After a year of victories and missteps, N.J. Gov. Murphy ready with State of the State speech

New Jersey Gov. Phil Murphy will deliver his State of the State address on Tuesday. (Julio Cortez/AP)

New Jersey Gov. Phil Murphy will deliver his State of the State address on Tuesday. (Julio Cortez/AP)

New Jersey Gov. Phil Murphy is set to deliver the annual State of the State address Tuesday, capping off the Democrat’s first full year in control the Legislature and the executive branch.

Murphy said he will outline his plans to make New Jersey affordable for middle-class families, but observers noted that the speech also follows a year marked by some blunders for the first-time politician.

The relationship between Murphy and State Senate President Steve Sweeney, D-Gloucester, was widely viewed as frosty, delaying action on major legislative items with broad support, such as a $15 minimum wage and legalized recreational marijuana.

“That is an incredible constraint on his ability to effectively govern,” said Brigid Harrison, a professor of political science and law at Montclair State University. “That adversarial relationship, in my view, should probably be at the top of his agenda in terms of rectifying it, because the Democrats in the Legislature increasingly are making him look bad.”

Murphy’s administration has also been rocked by allegations that officials took little action in response to allegations by staffer Katie Brennan that she was raped by a colleague, who got a job in state government after working on the governor’s transition team.

The state Legislature is conducting a series of public hearings to see whether Murphy officials broke state rules and determine if policies around sexual assault in state government should be strengthened.

The Rev. Charles Boyer, an activist and pastor at the Bethel AME church in Woodbury, praised Murphy for signing equal pay and paid sick leave legislation, as well as taking steps to make community college more affordable.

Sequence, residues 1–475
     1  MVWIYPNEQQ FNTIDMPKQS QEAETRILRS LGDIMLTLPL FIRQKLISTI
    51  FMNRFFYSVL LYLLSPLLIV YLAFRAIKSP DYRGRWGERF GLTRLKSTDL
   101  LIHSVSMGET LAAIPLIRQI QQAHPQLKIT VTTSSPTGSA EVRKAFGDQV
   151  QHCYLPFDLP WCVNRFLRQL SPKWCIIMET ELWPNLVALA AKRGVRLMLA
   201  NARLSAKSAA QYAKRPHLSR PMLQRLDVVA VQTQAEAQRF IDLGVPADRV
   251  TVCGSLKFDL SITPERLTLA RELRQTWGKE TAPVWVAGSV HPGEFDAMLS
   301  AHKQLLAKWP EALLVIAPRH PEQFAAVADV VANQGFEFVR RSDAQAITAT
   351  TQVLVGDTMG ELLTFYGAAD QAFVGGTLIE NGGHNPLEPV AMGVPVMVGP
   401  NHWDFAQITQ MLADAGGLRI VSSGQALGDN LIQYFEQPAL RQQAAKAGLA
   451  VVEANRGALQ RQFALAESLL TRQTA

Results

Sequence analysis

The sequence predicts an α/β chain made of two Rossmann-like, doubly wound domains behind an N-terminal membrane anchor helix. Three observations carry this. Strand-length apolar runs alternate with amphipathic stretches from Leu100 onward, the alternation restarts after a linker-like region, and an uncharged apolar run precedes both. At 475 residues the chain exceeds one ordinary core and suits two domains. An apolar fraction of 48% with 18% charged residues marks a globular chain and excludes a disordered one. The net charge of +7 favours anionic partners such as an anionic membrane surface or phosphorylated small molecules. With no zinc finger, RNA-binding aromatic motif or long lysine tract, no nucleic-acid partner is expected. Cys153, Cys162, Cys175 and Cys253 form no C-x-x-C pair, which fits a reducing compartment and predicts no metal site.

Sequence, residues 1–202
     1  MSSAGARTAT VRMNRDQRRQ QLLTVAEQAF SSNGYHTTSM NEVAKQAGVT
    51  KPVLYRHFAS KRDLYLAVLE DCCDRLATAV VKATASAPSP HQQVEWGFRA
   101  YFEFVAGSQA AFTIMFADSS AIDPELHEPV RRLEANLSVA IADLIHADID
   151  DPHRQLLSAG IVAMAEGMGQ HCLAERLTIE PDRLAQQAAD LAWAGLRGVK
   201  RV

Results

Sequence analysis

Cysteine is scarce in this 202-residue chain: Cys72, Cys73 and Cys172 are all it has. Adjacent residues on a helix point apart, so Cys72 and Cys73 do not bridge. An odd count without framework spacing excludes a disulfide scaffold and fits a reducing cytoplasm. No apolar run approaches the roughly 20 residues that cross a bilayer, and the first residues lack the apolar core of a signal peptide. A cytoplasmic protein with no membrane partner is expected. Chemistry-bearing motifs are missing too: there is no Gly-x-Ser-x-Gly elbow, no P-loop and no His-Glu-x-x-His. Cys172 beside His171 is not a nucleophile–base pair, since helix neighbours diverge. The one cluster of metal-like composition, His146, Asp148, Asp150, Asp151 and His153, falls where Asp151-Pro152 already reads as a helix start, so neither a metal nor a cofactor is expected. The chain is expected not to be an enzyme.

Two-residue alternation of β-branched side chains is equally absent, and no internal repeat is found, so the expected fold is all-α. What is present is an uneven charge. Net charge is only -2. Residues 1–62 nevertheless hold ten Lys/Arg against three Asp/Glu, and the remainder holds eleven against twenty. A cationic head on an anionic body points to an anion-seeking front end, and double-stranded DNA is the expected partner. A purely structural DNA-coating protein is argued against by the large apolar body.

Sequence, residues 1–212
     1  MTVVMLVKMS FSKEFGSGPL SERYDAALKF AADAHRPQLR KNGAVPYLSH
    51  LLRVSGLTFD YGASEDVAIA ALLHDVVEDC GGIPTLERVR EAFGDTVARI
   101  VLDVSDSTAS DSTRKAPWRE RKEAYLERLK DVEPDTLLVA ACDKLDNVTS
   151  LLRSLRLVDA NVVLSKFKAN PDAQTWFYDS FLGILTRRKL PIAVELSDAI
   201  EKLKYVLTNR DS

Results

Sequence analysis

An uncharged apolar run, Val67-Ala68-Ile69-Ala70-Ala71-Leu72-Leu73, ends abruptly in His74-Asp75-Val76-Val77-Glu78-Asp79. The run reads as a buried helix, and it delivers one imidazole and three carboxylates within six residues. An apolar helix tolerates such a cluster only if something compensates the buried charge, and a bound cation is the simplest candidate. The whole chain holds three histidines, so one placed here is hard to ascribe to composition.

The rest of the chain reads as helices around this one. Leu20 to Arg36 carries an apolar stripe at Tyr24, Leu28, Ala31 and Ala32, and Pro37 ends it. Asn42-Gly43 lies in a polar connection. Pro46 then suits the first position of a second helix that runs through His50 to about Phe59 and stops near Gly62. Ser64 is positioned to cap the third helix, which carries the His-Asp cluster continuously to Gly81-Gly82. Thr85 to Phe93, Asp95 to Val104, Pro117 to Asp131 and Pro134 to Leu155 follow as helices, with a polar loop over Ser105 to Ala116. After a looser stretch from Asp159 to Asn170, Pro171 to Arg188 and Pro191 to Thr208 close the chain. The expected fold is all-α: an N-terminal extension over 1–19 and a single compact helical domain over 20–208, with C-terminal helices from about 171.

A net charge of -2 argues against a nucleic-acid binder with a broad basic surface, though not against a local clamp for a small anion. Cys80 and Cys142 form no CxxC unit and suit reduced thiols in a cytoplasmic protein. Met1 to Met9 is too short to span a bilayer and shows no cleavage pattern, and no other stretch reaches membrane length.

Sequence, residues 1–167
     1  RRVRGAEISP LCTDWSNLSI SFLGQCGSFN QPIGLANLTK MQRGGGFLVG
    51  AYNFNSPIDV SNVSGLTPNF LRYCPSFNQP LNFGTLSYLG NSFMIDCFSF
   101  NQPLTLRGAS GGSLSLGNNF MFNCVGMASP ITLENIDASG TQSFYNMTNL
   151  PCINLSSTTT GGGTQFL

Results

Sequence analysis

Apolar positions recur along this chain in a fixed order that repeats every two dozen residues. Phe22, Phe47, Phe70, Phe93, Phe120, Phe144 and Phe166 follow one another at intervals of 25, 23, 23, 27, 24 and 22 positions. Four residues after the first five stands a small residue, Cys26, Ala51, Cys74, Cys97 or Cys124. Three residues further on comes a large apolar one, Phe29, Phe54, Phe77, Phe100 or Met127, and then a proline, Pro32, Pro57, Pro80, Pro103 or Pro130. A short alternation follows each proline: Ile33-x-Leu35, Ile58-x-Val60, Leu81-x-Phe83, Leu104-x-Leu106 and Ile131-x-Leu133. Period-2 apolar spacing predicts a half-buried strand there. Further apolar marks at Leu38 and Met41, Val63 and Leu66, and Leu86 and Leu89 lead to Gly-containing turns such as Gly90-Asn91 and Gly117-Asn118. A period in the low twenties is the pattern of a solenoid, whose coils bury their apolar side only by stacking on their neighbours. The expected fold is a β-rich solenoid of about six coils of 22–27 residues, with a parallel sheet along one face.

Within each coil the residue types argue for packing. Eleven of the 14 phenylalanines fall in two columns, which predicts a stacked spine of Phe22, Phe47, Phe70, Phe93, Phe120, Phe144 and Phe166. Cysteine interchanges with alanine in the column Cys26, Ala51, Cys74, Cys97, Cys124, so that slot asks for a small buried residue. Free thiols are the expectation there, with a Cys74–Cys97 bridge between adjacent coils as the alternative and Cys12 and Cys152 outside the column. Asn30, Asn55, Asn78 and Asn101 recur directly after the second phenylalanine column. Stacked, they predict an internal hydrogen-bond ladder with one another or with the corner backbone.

But Boyer also said he hoped the governor would make racial justice a priority in the coming years by signing legislation to require an independent prosecutor to investigate police-caused fatalities and ensuring that minority populations benefit from legalized recreational marijuana.

“I would hope the governor would do what the two houses have not done, which is mandate that some of this tax revenue [from legalized recreational marijuana] come back to communities of color, which have been devastated socially, economically, and by every measure by the war on drugs,” Boyer said.

According to his office, Murphy will outline plans for making New Jersey more affordable for middle-class families in his speech.

“We have made great progress over the last year building a stronger and fairer New Jersey, with vital investments in education, infrastructure, and our economy to grow and protect our middle class,” Murphy said in a statement. “But our work is far from done. This year’s State of the State will focus on continuing to make New Jersey a better, more affordable place to live, work, and raise a family.”

Murphy may also tout New Jersey Transit’s success in installing federally mandated automatic braking equipment on rail lines across the state, though continued service delays have kept the problems at the transit agency in full view of the public.

The State of the State speech begins at 2 p.m. in Trenton.

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